You are a sales agent with a new listing. Your vendor hasn’t yet signed the agency agreement and the contract for sale has not been prepared, but you’ve been approached by a buyers’ agent who is very keen to inspect the property for a client.
What do you do?
If you answered, show the buyers’ agent through the property as soon as possible (it is a competitive market, after all), you could find yourself on the wrong side of the law.
Showing a property to a buyers’ agent, potential buyer or anyone else without the requisite documents is in contradiction to Section 63 of the Property, Stock and Business Agents Act 2002 (NSW) (PSBA Act).
The PSBA Act clearly states that a real estate agent must not offer residential property for sale unless the required documents are all available for inspection at the real estate agent’s registered office by a prospective purchaser or agent for a prospective purchaser at all times at which an offer to purchase the property may be made.
So, what are the relevant documents that you need to have in place prior to showing a property?
Before you can show a property to a potential buyer, you must have an agency agreement in place. No ifs, no buts – it’s a must.
If you show a property without an agency agreement in place, it can hit your hip pocket. Section 55(1) of the PSBA Act states that a licensee is not entitled to commission or expenses unless there is a written agency agreement in place.
However, it’s not just about commission or expenses. Having a valid agency agreement in place doesn’t just secure your entitlement to commission and expenses, it also provides you with a range of protections should something happen during an inspection.
What if the buyers’ agent from the scenario trips down the front stairs and breaks their leg? What if they slip on the decking and hit their head on the edge of the pool as they fall in? The number of ‘what ifs’ is literally unlimited. And without the agency agreement, you are not covered for any of them.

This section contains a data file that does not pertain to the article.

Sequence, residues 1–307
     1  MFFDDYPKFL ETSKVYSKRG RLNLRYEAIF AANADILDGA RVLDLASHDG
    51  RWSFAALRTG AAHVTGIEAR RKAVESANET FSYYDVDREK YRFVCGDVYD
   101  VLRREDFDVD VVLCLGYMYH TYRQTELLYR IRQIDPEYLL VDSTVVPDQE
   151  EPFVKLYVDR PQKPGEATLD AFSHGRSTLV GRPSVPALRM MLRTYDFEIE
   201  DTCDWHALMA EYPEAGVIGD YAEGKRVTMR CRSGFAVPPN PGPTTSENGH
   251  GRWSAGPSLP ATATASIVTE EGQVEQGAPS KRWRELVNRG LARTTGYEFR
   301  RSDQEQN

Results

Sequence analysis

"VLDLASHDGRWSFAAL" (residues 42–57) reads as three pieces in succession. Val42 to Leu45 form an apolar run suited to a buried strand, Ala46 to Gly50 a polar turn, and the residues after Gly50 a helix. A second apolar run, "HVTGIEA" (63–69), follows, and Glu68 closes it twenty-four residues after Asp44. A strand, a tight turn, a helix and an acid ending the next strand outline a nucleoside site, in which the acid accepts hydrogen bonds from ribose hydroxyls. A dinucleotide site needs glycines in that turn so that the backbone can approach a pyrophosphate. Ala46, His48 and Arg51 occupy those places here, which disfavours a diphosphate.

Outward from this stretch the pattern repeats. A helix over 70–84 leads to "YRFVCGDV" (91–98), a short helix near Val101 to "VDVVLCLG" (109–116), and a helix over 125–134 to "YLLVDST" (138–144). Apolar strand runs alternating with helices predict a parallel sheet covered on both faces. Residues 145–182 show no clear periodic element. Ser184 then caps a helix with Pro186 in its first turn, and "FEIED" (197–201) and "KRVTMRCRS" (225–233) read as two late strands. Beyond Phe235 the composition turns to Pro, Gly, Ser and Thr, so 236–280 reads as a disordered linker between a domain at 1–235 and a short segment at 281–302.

The REINSW agency agreement provides you with comprehensive protection should a ‘what if’ arise. You are indemnified against any actions and claims made against you in the proper performance of your duties. Detailed privacy terms, work health and safety provisions and material fact disclosure requirements also ensure you are protected.
Contract for sale
A valid contract for sale is also a must before any inspections take place.
Section 63(2) of the PSBA Act requires a contract for sale to be available for inspection at all times when an offer to purchase residential property may be made.
Under section 63(3), an agent is considered to offer a residential property for sale when, expressly or by implication, they indicate that the property is for sale or is to be auctioned at any future time, they offer to sell the property, they invite offers to purchase or they indicate that a person may be willing to grant an option to purchase the property. If you fail to comply with section 63, you could be subject to a substantial penalty up to $11,000.
Don’t risk it
While it may be tempting to show a property to a potential buyer or buyer's agent before you have all the necessary documents in place, you should never do it.
It’s not worth risking your commission or being reimbursed expenses, opening yourself up to potential claims or facing the possibility of a penalty.
Braden Walters, REINSW Board Member and REINSW Residential Sales Chapter Committee Chairperson, says while it may seem like a quick and easy way to earn the business from the vendor or to have an opportunity of obtaining your selling fee, the risk is just too great.
"When you consider that you could lose your licence or be fined, I would rather wait a week for a contract to be prepared or explain to the vendors that they too would be at risk if something were to go wrong," he says.
So, as you can see, it is not only best practice – but in line with the legislation – to ensure both an agency agreement and contract for sale are in place before you offer a property for sale.